Many of the most regulated banks are also national or global institutions, leaving plenty of room for contract expansion as a piece of software is rolled out across different business units, geographies, etc. The corresponding revenues that only a few, large financial services customers can generate for an early-stage vertical AI business going after this opportunity also fits well into the EGVS thesis framework we published earlier this year.


Many medical providers are required by payors to provide extensive documentation in order to comply with value-based care payment regimes, and significant internal headcount is dedicated to gathering reams of patient and treatment data which is then compiled and submitted to government agencies and insurance carriers for reimbursement. Given where AI and AI agents are at today, and the slow pace of innovation among the incumbent EHRs, we see opportunity throughout the medical space for vertical AI solutions within the back office (i.e., referral management, prior authorization submittals, inventory management, etc.). We are also seeing AI being rolled out not just on the provider side, but payors are also increasingly using AI to manage the oceans of documents that are tasked with reviewing and processing from their provider base. We see compelling vertical AI use cases on both the payor and provider side and imagine an ecosystem will form around each of both of these potential software customer categories.

Mortgage Origination and Servicing

Many companies have tried over the last 20 years to tackle the opportunity presented by the heavy document management burden inherent to mortgage industry workflows. Mortgage origination and mortgage servicing are two examples of mortgage industry functions which rely on checklists, armies of back office workers, and highly-routinized processes. Prior to the last 24 months, the technology was not there yet to compete with the existing way of doing business but with the advent of LLMs this has changed and I would expect the next generation of players looking to automate mortgage origination and servicing to have far more success than we have seen in the past. Today, mortgage servicers still have large armies of workers who are manually processing documents based on a variety of checklists - I struggle to imagine this will still be the standard operating procedure in even 10 years for this key piece of the mortgage sector. Origination also presents opportunities to use AI to streamline the origination process, allowing originators to issue far more mortgages with the same sized teams.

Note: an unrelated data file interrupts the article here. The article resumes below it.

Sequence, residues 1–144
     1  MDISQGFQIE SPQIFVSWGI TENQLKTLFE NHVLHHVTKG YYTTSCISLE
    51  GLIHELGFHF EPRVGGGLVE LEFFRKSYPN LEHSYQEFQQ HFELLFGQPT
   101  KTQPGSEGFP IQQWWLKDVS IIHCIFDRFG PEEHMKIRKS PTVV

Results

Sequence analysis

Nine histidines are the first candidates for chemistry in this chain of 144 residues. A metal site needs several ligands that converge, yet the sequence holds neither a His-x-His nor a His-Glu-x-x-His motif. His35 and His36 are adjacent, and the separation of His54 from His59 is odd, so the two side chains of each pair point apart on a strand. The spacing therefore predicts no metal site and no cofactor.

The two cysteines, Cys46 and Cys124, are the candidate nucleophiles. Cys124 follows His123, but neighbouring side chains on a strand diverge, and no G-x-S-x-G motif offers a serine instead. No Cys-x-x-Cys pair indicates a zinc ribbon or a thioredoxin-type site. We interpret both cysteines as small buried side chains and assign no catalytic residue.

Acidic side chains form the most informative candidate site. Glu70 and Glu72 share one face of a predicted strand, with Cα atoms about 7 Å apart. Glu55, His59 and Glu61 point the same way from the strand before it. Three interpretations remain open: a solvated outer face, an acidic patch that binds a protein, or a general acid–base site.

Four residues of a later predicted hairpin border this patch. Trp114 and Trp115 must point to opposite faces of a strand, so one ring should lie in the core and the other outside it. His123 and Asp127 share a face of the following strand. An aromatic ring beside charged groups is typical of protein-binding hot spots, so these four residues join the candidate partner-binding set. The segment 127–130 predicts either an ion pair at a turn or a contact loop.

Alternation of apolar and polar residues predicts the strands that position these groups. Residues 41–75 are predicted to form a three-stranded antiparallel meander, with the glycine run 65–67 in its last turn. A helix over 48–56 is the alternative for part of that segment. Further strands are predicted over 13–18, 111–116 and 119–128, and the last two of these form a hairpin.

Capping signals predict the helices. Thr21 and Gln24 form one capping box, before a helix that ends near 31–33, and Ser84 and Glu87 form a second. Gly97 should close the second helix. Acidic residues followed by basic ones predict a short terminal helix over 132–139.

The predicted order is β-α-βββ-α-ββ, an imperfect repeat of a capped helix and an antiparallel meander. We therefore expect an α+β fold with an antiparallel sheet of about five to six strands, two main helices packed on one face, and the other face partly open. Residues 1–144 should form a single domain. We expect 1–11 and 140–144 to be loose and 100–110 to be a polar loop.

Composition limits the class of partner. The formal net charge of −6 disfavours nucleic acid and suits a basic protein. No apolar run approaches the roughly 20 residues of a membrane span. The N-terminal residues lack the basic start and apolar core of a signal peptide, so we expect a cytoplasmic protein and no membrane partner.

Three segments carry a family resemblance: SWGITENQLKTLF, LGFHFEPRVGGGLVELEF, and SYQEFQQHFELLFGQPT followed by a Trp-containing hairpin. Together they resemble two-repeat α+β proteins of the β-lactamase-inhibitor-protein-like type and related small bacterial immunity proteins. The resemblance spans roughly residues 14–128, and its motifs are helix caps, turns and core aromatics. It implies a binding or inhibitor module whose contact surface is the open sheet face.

Franchise Management

Many sectors of the US economy are operated using franchisee/franchisor business models. This includes almost all fast food restaurants, most quick service restaurants, and many hardware stores, gyms, automotive repair chains, real estate agencies, and home services businesses. Today, the relationship between the corporate parent company and the downstream franchisee locations is codified in a franchise operating agreement, but guaranteeing adherence to the many rules laid out therein can be challenging and is currently managed by teams of overburdened franchise compliance and operations professionals. We see a compelling opportunity to use AI in order to enable compliance and operations teams to manage many more locations and do so much more proactively using a AI-native franchise management platform.